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## Inverse filters

Let bt denote a filter. Then at is its inverse filter'' if the convolution of at with bt is an impulse function. Filters are said to be inverse to one another if their Fourier transforms are inverse to one another. So in terms of Z-transforms, the filter A(Z) is said to be inverse to the signal of B(Z) if A(Z)B(Z)=1. What we have seen so far is that the inverse filter can be stable or unstable depending on the location of its poles. Likewise, if B(Z) is a filter, then A(Z) is a usable filter inverse to B(Z), if A(Z)B(Z)=1 and if A(Z) does not have coefficients that tend to infinity.

Another approach to inverse filters lies in the Fourier domain. There a filter inverse to bt is the at made by taking the inverse Fourier transform of .If B(Z) has its zeros outside the unit circle, then at will be causal; otherwise not. In the Fourier domain the only danger is dividing by a zero, which would be a pole on the unit circle. In the case of Z-transforms, zeros should not only be off the circle but also outside it. So the -domain seems safer than the Z-domain. Why not always use the Fourier domain? The reasons we do not always inverse filter in the -domain, along with many illustrations, are given in chapter .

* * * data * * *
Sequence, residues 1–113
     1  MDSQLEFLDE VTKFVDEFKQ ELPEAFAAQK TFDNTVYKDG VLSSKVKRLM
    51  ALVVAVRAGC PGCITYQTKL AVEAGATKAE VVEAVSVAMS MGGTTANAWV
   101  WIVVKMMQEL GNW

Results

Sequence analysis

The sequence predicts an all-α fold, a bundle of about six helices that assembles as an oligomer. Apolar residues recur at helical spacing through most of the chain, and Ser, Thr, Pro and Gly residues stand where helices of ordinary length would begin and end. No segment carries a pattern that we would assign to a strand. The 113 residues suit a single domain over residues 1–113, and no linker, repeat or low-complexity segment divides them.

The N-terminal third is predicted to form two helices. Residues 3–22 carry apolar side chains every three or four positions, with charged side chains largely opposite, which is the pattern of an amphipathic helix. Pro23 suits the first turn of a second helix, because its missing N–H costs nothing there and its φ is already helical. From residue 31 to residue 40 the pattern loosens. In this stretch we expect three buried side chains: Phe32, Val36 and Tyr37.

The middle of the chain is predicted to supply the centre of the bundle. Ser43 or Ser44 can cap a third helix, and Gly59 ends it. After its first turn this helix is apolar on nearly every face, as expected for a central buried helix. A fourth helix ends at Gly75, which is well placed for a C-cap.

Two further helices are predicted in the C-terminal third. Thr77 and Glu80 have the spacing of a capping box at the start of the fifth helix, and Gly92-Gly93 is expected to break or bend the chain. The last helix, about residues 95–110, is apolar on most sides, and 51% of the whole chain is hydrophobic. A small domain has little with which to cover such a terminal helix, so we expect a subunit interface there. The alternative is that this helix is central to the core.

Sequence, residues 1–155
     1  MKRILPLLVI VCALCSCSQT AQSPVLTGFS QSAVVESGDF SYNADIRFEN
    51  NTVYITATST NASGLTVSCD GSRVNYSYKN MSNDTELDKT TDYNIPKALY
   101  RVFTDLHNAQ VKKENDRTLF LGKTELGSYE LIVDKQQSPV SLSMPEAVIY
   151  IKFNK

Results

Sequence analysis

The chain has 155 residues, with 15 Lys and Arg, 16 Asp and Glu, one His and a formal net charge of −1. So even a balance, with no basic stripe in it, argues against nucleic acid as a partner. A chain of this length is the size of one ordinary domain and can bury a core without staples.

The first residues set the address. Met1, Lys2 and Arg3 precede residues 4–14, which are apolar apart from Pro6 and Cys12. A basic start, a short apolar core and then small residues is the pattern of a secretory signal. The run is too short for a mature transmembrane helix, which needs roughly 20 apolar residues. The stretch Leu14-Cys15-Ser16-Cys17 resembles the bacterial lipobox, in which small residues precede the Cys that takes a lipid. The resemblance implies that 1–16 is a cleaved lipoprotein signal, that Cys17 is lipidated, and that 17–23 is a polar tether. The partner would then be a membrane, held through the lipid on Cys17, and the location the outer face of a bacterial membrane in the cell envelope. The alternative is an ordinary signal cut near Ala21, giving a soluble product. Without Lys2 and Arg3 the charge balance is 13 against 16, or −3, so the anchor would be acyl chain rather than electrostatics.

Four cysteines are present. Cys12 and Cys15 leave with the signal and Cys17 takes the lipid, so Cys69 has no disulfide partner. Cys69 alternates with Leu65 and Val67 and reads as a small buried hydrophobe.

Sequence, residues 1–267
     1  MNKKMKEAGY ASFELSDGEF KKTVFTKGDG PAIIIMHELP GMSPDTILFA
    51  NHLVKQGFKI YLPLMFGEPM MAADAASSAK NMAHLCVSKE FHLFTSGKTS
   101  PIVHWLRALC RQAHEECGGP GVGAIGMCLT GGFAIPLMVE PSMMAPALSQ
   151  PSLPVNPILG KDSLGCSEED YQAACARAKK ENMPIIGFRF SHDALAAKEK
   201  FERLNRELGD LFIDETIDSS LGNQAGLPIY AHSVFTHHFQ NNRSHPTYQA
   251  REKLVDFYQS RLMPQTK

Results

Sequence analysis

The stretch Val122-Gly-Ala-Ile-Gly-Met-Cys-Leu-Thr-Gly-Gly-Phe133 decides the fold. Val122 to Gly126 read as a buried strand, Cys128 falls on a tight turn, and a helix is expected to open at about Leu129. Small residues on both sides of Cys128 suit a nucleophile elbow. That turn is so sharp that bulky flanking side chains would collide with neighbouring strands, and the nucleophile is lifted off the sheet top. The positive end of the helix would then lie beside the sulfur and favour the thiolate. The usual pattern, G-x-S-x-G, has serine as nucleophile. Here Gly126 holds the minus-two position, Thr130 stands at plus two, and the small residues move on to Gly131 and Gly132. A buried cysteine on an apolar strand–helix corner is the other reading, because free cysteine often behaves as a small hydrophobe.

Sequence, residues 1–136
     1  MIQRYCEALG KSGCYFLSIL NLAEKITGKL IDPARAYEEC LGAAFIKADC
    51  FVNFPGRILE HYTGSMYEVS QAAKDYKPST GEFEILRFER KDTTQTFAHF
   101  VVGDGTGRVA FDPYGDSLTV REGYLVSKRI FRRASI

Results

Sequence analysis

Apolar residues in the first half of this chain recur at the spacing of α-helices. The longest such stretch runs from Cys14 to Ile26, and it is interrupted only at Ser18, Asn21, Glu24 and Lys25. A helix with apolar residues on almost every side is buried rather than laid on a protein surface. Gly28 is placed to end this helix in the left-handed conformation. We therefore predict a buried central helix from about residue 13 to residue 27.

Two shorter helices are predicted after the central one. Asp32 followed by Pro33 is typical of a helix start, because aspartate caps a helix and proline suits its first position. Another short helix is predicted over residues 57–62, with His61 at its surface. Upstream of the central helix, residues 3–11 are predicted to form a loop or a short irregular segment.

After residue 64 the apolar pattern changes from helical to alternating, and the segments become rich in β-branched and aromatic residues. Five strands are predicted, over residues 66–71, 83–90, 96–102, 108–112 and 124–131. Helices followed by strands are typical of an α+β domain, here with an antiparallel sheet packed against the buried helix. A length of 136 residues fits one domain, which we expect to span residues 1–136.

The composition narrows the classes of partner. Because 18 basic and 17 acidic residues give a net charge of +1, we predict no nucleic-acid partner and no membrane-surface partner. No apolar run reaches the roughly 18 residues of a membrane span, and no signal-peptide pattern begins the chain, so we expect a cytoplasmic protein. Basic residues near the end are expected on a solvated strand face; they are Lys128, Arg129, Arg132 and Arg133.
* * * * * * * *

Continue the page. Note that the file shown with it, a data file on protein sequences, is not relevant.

Next: The unit circle Up: INSTABILITY Previous: Anticausality
Stanford Exploration Project
10/21/1998